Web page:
Everybody deserves a week off once in a while. Trey Parker and Matt Stone more than most. Admittedly, it wasn’t until I saw the behind-the-scenes mini doc 6 Days to Air several years ago that I realized that most South Park episodes go from concept to air in less than a week. That still melts my mind more than being front-row center at Timmy and the Lords of the Underworld. While the process obviously prioritizes timeliness above all, that’s such little time to execute and, for better or worse, zero time to second-guess oneself. It makes the show’s relative consistency all the more remarkable.
The airing schedules of early seasons were fairly haphazard with odd gaps in production randomly popping up throughout. The middle years, during which the show typically settled on 14 episodes per season, usually saw spring and fall rushes of seven straight weeks of new material. Since scaling back to 10 shows a season, the South Park “bye” week has become a more regular tradition. It’s a scheduled off week that gives Parker and Stone more than six measly days to come up with their next installment.
However, past bye week follow-ups haven’t suggested the extra time guarantees a slam-dunk episode either. While “Sexual Harassment Panda”, “Naughty Ninjas”, and “Titties and Dragons” have all been welcome returns, we’d just as soon forget “Free Willzyx”, “The Magic Bush”, and “Goth Kids 3”. So, after three episodes that have sharply and humorously captured the feeling of existence during the orange reign of Giant Douche, the show returned tonight well-rested and hopefully ready to not only continue a solid comeback season but help solidify the iffy legacy of post-bye week South Park episodes.
Ready or not, it’s coming right for us!
The dying whore that is the town of South Park once again finds itself in need of a symbol — or, um, a cinematic universe full of symbols. In an age when Netflix will greenlight anything (“Netflix, you’re greenlit”) and kids are as likely to play superhero franchise as they are to play superheroes, Coon and Friends have an entire three-phase cinematic universe mapped out, which culminates in such lucrative opportunities as Professor Chaos appearing live at Coachella, the opening of Coonland in Asia, and, gasp, the introduction of a “chick” into the Cooniverse. The only obstacle impeding the franchise turns out to be malicious Facebook news and rumors sullying the marketability of Coon and Friends.
Whose sabotaging the Cooniverse? Is it arch nemesis Professor Chaos, Vladimir Putin, the ’87 Denver Broncos? Right first time, lil’ crime stopper. But wait. No crime has been committed by Professor Chaos. And since the mild-mannered Butters — internet boobie watcher by day, Professor Chaos by night — pays the “unblockable” Mark Zuckerberg and his array of “styles” $17.23 for the Facebook Safeguard Program, it appears that nothing can shut down his diabolical plan of spreading misinformation. That is until Coon and Friends turn Livestream against its penis of a creator.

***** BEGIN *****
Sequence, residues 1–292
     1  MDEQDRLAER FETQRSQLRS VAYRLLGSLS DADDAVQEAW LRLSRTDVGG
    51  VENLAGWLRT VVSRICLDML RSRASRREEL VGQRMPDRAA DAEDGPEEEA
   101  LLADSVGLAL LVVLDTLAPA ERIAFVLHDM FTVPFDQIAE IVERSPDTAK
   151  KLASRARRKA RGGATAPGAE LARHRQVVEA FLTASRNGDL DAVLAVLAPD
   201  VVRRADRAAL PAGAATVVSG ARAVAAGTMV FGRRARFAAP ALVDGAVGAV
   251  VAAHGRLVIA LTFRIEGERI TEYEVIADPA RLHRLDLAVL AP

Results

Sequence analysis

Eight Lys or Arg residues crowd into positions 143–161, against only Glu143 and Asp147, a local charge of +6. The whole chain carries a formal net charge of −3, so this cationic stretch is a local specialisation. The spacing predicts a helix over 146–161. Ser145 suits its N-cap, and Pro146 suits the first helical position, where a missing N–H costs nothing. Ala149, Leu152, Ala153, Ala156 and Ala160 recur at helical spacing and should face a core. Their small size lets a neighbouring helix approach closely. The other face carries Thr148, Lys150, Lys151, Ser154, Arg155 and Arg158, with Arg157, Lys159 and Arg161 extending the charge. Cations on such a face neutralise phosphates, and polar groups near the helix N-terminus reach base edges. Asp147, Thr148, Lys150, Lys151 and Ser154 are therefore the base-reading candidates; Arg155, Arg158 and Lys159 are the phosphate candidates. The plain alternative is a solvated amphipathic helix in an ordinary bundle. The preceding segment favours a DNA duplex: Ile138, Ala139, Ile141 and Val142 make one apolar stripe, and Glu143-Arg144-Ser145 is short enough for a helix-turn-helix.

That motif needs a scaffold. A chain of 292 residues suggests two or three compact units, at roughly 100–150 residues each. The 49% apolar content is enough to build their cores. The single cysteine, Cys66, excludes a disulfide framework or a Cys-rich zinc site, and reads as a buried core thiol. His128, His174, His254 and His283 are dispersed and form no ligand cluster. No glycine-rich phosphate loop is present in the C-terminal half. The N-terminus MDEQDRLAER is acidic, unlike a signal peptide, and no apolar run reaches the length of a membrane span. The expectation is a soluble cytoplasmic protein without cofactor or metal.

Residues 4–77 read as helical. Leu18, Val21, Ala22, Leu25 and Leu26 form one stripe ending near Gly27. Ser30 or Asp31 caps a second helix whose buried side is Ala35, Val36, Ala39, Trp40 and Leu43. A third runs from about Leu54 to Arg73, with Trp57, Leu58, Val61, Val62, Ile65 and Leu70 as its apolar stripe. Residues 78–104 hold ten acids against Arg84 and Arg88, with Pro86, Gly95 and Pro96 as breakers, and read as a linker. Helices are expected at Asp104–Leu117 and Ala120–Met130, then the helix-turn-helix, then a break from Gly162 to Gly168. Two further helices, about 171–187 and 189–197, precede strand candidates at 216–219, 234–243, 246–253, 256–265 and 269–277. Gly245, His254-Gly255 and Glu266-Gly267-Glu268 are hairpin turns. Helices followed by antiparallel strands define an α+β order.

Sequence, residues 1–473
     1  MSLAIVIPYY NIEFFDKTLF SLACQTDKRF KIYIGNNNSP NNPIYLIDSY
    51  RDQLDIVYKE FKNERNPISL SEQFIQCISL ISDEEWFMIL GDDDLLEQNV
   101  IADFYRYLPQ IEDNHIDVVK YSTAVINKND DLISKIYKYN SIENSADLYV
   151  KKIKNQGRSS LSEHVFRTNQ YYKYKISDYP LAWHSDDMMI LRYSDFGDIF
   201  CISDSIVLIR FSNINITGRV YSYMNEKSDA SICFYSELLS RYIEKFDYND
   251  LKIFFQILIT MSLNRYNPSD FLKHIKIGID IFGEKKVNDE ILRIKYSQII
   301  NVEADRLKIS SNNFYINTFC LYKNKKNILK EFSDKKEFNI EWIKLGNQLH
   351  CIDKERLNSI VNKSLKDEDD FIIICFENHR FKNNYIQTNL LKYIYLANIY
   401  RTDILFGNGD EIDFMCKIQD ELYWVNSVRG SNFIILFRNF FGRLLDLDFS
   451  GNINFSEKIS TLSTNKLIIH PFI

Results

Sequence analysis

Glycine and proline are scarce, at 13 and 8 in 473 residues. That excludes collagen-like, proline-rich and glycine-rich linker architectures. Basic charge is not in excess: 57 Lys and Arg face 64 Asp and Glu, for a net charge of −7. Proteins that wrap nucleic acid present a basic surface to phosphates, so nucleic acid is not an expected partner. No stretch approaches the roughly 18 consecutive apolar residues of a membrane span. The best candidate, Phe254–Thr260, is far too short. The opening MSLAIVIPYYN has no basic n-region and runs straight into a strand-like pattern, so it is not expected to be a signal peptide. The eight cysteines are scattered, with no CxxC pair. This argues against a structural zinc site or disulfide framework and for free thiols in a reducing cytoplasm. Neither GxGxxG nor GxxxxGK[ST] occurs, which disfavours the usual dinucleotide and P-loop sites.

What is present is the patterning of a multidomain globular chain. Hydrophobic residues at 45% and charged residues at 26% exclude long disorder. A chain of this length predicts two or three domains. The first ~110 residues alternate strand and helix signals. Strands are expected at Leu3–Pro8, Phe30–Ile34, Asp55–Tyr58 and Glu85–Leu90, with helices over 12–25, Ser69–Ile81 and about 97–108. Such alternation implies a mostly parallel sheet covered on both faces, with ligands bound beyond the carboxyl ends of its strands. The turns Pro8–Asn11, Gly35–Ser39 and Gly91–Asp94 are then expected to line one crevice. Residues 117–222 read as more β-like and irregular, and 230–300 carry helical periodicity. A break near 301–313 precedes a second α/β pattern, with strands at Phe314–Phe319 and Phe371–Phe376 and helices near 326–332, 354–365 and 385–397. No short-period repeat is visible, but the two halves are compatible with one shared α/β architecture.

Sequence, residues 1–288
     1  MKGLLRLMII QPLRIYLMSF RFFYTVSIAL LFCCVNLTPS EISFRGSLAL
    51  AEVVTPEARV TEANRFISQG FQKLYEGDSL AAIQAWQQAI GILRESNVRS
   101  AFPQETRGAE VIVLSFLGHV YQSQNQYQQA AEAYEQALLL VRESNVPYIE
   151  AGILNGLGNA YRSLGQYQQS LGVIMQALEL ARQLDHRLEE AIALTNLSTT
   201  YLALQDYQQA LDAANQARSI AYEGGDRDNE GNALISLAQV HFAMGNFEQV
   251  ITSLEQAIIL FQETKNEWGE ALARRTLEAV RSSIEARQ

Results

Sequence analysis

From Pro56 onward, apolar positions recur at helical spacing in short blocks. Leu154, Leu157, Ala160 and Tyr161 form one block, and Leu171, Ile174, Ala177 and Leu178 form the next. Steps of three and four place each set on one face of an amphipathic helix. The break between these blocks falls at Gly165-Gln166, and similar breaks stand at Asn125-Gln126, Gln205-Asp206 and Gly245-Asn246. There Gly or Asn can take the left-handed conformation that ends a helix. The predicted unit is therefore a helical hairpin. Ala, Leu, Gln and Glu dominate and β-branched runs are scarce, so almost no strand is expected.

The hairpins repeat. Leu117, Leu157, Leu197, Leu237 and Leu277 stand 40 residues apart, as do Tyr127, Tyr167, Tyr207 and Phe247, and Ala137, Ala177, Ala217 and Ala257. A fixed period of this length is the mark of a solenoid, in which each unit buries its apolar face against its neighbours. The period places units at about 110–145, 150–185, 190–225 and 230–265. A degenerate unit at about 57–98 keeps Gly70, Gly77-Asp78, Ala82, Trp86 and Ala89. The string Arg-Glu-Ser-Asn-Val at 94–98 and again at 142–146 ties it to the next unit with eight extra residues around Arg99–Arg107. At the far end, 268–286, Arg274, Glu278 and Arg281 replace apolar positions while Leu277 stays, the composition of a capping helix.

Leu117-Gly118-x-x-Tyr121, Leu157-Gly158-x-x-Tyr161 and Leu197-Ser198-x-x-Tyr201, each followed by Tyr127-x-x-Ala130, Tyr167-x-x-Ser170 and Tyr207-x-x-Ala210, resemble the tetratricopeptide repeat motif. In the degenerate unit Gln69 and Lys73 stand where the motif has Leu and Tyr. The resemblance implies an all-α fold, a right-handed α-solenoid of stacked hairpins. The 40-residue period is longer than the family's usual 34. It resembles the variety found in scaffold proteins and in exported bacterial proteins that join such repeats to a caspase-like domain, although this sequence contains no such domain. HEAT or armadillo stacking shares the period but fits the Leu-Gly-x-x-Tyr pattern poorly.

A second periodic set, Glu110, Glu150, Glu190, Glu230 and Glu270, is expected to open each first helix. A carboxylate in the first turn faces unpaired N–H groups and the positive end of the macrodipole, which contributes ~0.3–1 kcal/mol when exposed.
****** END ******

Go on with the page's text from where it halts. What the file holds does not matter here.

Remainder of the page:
There are plenty of shots fired in “Franchise Prequel”. Targets include endless cinematic universe building, the growing glut of television shows across networks and streaming services, Zuckerberg and Facebook’s complicity in fake political ads paid for by Russia possibly swaying November’s election in favor of Giant Douche, and even a quick jab at Harvey Weinstein (read below). And all of it comes down to money. Fuck imagination and quality control, truth and integrity, or even national security. As long as Coons and tycoons alike are simply chasing huge amounts of money, we’ll continue to get shitty movies and see a monopoly on truth fall into the hands of whoever can pay for it.
Stephen Stotch ironically blames all the misinformation on Facebook while believing the fake news that there are “young kids dressing up in costumes, eating poop, and having sex with antelopes in our town.” But I tend to side with Sergeant Harrison Yates, who promises the South Park police will help stop Zuckerberg, but suggests that maybe it’s each person’s own fault for letting the mogul and his social media platform burrow so deep into their lives and influence some of their most important decisions. That’s the real embarrassment, isn’t it? The greatest threat to our democracy — what potentially got a Giant Douche elected to the highest office in this land or any other — is an uniformed electorate who turn to social media for everything, including news, and don’t have the critical thinking abilities to tell news from bullshit.
Forget about “The Wall.” As it turns out, we should be more worried about our Facebook walls.
Click ahead to see this week’s scorecard.